For instance, if a client is looking for a three-bedroom home near a school, within a specific budget, it would be counterproductive to show them a two-bedroom luxury condo downtown, even if it’s a fantastic deal.

By honing in on properties that tick most of their boxes, you ensure that clients aren’t overwhelmed and can make clear-headed decisions.

Other studies have confirmed this result that more choice is not always better. As the variety of snacks, soft drinks, and beers offered at convenience stores increases, for instance, sales volume and customer satisfaction decrease.

Quote from Harvard Business Review – More isn’t Always Better

Being the Coach

A real estate agent’s role extends beyond property hunting. You should demonstrate to your clients, yet, you are no doubt the transaction facilitator, but you are also their real estate mentor, coach or advisor.

Your clients can come to you for advice, insights, and expertise. Agents should provide guidance and lend their expertise, ensuring clients make informed decisions.

Consider a client who’s caught in a dilemma: a trendy townhouse in the bustling city or a spacious property in the serene suburbs? It’s not just about prices and square footage. It’s about lifestyle, future plans, and personal preferences. This is where a seasoned agent becomes invaluable.

They don’t just point to listings; they delve deep, weighing the pros and cons, sharing anecdotes from past clients, and shedding light on market trends. This guidance helps clients not just make a choice but make the right choice for their unique life situation.

Knowing When to Part Ways

But here’s the thing: Sometimes, despite all your efforts, you and the client just don’t get along. It’s like trying to fit a square peg in a round hole; no matter how hard you push, it’s just not the right fit.

And that’s okay. Recognizing when a relationship isn’t working is crucial for both your well-being and theirs.

Why? Continually working in a tense environment can drain your energy, affect your performance with other clients, and even tarnish your professional reputation.

On the client’s side, they may end up feeling dissatisfied, constantly second-guessing their decisions, or even resenting the process altogether.

So, how do you part ways gracefully?

  1. Open Communication: Initiate a candid conversation. Express your concerns, listen to theirs, and see if there’s a middle ground. Sometimes, just talking it out can resolve many misunderstandings.
  2. Be Professional: Avoid making it personal. Frame the conversation around what’s best for them. You might say, “I genuinely want you to find the perfect home, and I feel you might benefit from a fresh perspective.”
  3. Provide Alternatives: If possible, recommend another agent or agency that might be a better fit for their needs. It shows that you still care about their journey, even if you’re no longer a part of it.
  4. Leave on Good Terms: Remember, today’s client could be tomorrow’s referral. Ensure the parting is amicable, wish them well, and encourage them to reach out if they have questions in the future.

At the end of the day, your role as an agent is to facilitate a smooth home-buying or selling process. If, for some reason, the journey becomes too rocky, it’s alright to consider a different path, always keeping your client’s best interests at heart.

Check out this blog on “When and How to Fire a Real Estate Client?

Helpful Videos on Dealing with Difficult Clients

In the above video, Robert Rico from CA Realty Training shares invaluable insights on handling indecisive real estate clients. At the heart of his message is the importance of patience and keen listening. Imagine buying a house as a multi-layered pizza decision; it’s exciting but overwhelming.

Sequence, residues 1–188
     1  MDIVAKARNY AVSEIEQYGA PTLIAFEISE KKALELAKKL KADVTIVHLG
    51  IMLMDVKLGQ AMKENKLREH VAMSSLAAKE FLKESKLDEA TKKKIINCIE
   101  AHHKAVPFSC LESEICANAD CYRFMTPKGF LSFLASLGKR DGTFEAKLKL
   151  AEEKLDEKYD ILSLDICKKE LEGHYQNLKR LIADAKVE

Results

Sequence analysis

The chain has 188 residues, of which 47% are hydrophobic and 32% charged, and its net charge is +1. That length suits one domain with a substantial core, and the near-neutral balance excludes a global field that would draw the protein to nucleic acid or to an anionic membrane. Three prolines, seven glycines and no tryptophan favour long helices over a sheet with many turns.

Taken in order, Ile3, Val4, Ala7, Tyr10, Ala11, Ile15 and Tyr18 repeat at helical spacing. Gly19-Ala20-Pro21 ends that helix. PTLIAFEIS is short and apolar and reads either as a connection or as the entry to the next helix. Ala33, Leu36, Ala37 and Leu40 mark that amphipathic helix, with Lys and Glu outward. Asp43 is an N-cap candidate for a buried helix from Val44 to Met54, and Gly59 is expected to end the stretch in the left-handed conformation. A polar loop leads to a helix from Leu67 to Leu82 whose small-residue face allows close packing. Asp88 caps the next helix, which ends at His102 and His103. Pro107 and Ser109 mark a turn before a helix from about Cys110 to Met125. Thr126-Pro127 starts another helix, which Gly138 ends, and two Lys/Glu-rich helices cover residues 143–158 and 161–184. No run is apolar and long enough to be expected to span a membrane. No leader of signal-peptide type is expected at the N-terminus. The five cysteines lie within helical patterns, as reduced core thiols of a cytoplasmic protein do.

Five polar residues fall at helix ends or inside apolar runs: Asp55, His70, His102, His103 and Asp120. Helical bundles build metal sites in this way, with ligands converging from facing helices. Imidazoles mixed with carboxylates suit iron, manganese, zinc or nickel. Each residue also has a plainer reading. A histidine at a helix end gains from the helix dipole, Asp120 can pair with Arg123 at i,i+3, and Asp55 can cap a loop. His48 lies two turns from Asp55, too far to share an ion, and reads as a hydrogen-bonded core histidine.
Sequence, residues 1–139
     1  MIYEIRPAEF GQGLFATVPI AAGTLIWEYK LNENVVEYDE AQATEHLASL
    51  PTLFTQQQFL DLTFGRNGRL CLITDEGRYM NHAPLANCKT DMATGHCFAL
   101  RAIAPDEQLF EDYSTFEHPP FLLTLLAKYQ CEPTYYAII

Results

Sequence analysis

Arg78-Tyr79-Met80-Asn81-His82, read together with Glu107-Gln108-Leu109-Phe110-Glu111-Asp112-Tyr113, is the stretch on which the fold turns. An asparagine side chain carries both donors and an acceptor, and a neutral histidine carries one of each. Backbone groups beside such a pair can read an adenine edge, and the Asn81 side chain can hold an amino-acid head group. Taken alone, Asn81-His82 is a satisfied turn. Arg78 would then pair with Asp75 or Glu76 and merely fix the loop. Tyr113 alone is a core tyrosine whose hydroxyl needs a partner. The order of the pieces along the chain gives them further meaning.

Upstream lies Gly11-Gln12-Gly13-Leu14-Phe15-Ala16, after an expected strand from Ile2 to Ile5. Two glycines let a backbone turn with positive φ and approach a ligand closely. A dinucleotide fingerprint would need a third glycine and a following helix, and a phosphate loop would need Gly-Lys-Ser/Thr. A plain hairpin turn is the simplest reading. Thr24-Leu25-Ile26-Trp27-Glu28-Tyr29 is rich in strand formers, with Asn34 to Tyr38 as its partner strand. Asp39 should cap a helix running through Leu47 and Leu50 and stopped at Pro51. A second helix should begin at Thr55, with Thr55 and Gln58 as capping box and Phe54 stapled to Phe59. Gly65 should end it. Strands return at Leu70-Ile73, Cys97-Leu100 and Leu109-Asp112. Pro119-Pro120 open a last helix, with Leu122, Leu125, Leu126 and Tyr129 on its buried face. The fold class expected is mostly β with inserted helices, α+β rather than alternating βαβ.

Rico’s golden advice? Act as a funnel – gather all the details clients share, listen intently, and narrow down their genuine desires. He also emphasizes clarity: break down complex contracts and loan terms so clients can understand them, helping dispel their fears. What struck me most was his genuine care for clients, advocating for trust-building over rushing a sale.

Here’s another clip from LeAnn Henri, a Realtor from Good Company Realty, discusses various strategies when working with real estate clients. I particularly agree with her approach in setting client’s expectation upfront- for example, she would let them know about her business hours, if they text her at 11pm, she would not answer them.

Final Thoughts

Real estate challenges, especially those posed by indecisive clients, are inevitable. However, with a client-centric approach, patience, and dedication, these challenges can transform into rewarding learning experiences.

By grounding your services in understanding, education, and expert guidance, you position yourself as not just an agent but a trusted advisor, guiding clients through one of the most significant journeys of their lives.

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Disclaimer: The information in this post is for general information only, and not intend to provide any advice. They are subjected to change without any notice, and not guaranteed to be error-free. Some of the posts on this site may contain views and opinions from individual not related to JCHQ Publishing. They do not necessarily reflect our view or position.


  • Jacob Coleman

    Jacob is a content writer and a real estate investor. He has experience working with different real estate professionals throughout the years. (i.e., appraisers, real estate agents, property managers, home inspectors.) In order to build a career you love, Jacob believes not only you need a thorough understanding about the profession, but you also have to find out what type of jobs could match your personality, lifestyle and expectation.

Jacob Coleman

Jacob is a content writer and a real estate investor. He has experience working with different real estate professionals throughout the years. (i.e., appraisers, real estate agents, property managers, home inspectors.) In order to build a career you love, Jacob believes not only you need a thorough understanding about the profession, but you also have to find out what type of jobs could match your personality, lifestyle and expectation.